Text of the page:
Help could soon be on its way to individuals, businesses, and state and local governments impacted by the coronavirus outbreak thanks to a deal struck early Wednesday between lawmakers in the Senate and the Trump administration.

According to a draft of the legislation, which is still subject to change, obtained by The Inquirer, it will include a massive boost to unemployment assistance, increasing the amount people receive by $600 a week for four months, and including freelancers, independent contractors, and furloughed employees.

Here’s an overview of some other noteworthy items in the $2 trillion bill:

  • $500 billion for cities, states, and distressed industries.

  • $367 billion funding for a loan program for small businesses.

  • $150 billion for state and local stimulus funds.

  • $100 billion for hospitals.

In addition, the federal government will send one-time checks to most Americans, depending on their income level:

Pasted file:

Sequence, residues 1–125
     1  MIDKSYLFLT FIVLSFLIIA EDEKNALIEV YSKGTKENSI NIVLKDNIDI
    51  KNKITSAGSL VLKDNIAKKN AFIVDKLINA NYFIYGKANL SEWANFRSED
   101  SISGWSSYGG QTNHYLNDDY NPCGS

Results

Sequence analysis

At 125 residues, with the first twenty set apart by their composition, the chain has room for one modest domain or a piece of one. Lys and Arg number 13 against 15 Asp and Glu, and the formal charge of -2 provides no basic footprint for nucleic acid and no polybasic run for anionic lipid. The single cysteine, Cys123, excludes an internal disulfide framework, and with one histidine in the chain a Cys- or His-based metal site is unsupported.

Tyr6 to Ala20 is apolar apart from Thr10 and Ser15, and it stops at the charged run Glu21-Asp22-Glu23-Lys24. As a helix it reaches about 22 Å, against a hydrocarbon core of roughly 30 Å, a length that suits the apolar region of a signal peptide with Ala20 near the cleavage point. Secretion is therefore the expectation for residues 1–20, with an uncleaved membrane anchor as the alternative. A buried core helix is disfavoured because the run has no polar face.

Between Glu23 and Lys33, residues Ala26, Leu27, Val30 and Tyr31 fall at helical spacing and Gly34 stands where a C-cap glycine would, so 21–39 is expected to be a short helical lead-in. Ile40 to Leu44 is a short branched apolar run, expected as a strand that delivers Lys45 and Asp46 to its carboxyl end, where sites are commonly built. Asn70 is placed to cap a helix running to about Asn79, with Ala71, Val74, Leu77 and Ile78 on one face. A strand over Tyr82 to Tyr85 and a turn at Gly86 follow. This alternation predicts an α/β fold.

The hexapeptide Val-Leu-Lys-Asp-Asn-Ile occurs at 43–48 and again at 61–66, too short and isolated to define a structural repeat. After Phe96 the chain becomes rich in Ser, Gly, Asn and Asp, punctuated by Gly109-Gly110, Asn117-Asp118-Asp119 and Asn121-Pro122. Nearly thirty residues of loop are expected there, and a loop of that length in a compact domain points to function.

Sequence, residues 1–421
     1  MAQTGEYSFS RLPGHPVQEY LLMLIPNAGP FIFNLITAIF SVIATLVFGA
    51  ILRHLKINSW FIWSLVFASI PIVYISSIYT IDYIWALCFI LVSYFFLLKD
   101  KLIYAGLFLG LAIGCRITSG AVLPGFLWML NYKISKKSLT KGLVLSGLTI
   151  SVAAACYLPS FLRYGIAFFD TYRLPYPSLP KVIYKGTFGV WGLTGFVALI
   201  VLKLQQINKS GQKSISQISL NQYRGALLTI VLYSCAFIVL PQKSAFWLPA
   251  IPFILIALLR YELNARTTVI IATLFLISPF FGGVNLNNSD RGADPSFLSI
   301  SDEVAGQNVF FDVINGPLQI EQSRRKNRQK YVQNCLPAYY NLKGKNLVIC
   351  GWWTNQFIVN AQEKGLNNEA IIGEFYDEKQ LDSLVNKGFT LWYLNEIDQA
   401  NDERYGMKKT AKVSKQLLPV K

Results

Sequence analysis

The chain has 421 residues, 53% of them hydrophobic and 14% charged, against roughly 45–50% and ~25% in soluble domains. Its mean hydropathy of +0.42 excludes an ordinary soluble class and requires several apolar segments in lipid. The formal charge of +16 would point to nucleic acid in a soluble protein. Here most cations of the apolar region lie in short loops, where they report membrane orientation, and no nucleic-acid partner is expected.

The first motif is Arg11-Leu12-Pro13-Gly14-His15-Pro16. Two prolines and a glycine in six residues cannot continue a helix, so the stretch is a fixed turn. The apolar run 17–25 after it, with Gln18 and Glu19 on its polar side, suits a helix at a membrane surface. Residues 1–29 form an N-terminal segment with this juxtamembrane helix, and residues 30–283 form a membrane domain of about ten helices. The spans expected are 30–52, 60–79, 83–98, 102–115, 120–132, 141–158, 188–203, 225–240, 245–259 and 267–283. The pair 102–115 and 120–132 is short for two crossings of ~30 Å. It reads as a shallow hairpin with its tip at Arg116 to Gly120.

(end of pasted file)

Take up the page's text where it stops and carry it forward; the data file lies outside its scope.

• $1,200 for individuals making up to $75,000. Phases out at $99,000.

  • $2,400 for married couples making up to $150,000. Phases out at $200,000.

  • $500 for each child.

A family of four that made less than $150,000 last year will receive $3,400. Sen. Pat Toomey (R., Pa.) said the money is expected to be paid in the first or second week of April, and most of it will be paid as wire transfers to individual bank accounts.

Pennsylvania will receive about $5 billion in aid from the bill, according to Toomey.

Toomey also said the bill includes an employee retention tax credit for companies too large to qualify for small business loans. It will be a direct dollar-for-dollar tax credit of up to 50% of employees’ wages, which Toomey said will “enable a lot of medium and large businesses to retain their workforce.”

He added: “We’re hoping it’s a mechanism to keep businesses alive for a few weeks or months until our economy can resume.”

It had been hoped that the bill would be approved Wednesday, but last-minute disagreements put that into doubt. It would then have to pass in the House and be signed by President Donald Trump before aid could start flowing.